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Supermarket Asda has recorded its biggest quarterly sales fall on record, as it slumped during the crucial Christmas trading period. The Big Four grocer saw like-for-like sales drop 5.8% in the 13 weeks to January 1, while full-year like-for-like sales were also disappointing, falling 4.7%.

The fourth-quarter sales drop was the steepest since the second quarter of last year when sales fell 4.7%. The company – owned by US retail giant Walmart – said it had faced “fierce” competition in the grocery sector, which had put its market share “under pressure”.

The trading update came as the supermarket also revealed more details about its turnaround strategy after announcing it would invest £500 million into cutting prices last month.

It said the first phase of the price cuts would come into force on Thursday through its Pocket More scheme, which aims to make Asda cheaper than Tesco, Sainsbury’s and Morrisons on 1,600 lines.

It also confirmed that it would use the investment to step up its battle against discounters like German rivals Aldi and Lidl.

Andy Clarke, president and chief executive of Asda, said that, amid the continued tough trading environment for grocers, the supermarket’s performance was “commendably stable” as some of its rivals had suffered “severe falls in profitability”.

He added: “We have steered a careful course through this very turbulent period for the industry and through a complex set of challenges.”

The sales drop for the fourth quarter was worse than analysts had expected and followed a tough period for the supermarket in the third quarter when like-for-like sales fell 4.5%.

It comes as Morrisons posted a 0.2% rise in same-stores sales for the nine weeks to January 3, while Tesco reported a 1.3% rise in like-for-like sales over the six weeks to January 9.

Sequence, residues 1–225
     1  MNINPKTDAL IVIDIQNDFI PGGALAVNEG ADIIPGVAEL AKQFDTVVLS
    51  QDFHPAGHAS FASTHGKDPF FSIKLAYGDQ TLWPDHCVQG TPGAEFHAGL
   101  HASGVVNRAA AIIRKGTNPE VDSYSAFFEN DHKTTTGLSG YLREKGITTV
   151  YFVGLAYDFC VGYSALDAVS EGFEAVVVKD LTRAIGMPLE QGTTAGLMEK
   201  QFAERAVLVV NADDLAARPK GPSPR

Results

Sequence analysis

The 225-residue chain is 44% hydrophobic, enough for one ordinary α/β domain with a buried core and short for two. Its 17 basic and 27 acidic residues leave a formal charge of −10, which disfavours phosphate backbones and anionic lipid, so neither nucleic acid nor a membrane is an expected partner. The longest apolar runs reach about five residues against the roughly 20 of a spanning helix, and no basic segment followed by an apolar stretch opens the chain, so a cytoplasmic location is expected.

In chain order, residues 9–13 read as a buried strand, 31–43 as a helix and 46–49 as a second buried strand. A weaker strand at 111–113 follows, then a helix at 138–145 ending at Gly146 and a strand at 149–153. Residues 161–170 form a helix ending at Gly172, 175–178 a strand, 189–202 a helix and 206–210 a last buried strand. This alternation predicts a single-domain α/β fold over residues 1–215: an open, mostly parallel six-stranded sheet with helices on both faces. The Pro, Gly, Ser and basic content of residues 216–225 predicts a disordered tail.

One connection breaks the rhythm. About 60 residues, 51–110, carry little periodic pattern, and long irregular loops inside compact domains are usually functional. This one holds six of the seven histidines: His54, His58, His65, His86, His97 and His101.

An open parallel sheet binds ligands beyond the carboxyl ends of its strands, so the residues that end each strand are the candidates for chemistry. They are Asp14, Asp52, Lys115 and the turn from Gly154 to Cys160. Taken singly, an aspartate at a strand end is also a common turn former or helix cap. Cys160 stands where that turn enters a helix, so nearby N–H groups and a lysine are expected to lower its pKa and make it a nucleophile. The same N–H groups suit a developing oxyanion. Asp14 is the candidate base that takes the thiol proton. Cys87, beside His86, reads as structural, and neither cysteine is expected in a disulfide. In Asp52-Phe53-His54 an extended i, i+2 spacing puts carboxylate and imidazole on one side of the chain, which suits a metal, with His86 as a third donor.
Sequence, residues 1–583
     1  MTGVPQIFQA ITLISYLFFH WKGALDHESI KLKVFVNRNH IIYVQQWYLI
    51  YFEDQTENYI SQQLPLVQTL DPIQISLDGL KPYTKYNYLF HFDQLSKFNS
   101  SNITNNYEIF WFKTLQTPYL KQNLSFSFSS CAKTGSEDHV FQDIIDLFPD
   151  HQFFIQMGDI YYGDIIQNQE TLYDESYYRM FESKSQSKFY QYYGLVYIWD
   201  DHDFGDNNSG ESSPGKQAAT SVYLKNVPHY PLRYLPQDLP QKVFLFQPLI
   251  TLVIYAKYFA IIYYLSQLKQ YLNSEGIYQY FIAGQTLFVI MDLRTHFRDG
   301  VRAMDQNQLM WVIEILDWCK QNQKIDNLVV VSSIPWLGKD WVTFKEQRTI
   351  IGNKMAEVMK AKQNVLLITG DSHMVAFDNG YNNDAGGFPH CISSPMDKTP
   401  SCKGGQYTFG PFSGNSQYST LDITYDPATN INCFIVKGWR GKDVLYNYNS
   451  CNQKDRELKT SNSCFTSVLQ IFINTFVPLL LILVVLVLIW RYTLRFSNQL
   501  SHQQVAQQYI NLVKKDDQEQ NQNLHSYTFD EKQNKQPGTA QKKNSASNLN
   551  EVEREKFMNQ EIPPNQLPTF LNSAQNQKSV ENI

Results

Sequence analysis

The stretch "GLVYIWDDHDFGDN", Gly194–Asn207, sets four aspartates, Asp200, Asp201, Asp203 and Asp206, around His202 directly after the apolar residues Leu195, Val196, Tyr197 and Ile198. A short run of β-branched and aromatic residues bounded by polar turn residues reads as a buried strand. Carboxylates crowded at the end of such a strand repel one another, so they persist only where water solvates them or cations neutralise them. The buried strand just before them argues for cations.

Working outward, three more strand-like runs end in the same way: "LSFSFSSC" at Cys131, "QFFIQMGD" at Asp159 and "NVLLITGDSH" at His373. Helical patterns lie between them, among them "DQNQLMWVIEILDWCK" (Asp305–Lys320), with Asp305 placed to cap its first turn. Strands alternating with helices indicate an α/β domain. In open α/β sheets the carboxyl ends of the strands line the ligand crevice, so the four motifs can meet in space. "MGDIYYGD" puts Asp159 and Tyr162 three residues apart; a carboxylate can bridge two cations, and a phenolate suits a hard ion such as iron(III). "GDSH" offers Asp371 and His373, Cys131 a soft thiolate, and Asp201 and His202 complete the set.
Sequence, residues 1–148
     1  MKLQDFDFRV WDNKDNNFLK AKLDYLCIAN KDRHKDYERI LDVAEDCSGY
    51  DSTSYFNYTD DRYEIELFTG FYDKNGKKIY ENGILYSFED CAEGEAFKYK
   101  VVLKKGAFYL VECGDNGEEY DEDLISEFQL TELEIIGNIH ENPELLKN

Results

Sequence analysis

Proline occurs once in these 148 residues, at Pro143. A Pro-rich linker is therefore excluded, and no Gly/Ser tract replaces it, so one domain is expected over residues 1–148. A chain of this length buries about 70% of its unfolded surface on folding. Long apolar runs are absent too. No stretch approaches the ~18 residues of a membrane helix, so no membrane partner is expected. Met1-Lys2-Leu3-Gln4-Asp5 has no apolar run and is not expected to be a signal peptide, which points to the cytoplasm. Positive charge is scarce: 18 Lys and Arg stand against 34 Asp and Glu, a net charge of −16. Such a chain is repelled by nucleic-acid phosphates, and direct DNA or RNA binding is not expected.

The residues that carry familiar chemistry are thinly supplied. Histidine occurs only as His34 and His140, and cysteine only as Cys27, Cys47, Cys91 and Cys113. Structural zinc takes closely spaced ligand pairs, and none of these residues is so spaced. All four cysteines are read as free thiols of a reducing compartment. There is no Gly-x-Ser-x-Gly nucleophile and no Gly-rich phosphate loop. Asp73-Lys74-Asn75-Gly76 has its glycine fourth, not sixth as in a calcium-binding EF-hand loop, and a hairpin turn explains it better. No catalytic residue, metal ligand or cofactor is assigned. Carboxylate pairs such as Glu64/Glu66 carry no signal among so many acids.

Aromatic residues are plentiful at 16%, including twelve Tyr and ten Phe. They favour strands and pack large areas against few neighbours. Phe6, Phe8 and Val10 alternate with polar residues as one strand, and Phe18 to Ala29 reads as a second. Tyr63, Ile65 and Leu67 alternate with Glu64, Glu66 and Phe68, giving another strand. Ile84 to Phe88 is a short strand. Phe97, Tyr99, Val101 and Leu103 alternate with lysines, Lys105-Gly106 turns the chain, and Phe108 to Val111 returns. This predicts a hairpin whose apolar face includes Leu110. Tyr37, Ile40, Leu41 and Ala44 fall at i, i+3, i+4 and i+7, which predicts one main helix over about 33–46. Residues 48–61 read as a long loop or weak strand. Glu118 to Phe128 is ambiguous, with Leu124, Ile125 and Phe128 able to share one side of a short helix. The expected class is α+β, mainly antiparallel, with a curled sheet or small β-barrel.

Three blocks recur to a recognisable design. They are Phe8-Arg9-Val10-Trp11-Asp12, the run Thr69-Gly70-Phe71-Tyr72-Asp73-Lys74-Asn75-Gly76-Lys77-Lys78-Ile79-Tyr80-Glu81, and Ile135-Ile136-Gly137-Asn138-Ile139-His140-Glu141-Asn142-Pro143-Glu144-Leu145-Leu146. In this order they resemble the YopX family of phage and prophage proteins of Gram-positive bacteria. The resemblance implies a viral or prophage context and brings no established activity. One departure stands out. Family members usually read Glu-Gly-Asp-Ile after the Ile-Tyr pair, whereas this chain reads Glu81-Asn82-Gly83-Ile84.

Sainsbury’s posted a 0.4 like-for-like sales fall in the 15 weeks to January 9, which was lower than expected.

The Big Four supermarkets have come under increased pressure from German discounters Aldi and Lidl, which have carved out a slice of the UK grocery market and sparked a supermarket price war that has seen prices fall for more than a year.

Asda announced in January it would cut hundreds of jobs across the UK in its latest move to strengthen its competitive position.

The chain said it would make cuts in the ”low hundreds” at its Leeds head office, which employs 3,000 people.

It comes after it announced a fresh 18-month overhaul in October which will see it slow store expansion in London, ease up on plans to build more stand-alone petrol stations across the UK and scale back the roll-out of its ”click and collect” scheme as it seeks to cut costs.

Shore Capital analyst Clive Black said Asda needs a more “robust and consistent proposition” than just cutting prices. He added: “If any of the superstore groups needs to be fighting the fight against the LADs (limited assortment discounters) then it has to be Asda, not least because it appears to be the current chief victim of their advance.”

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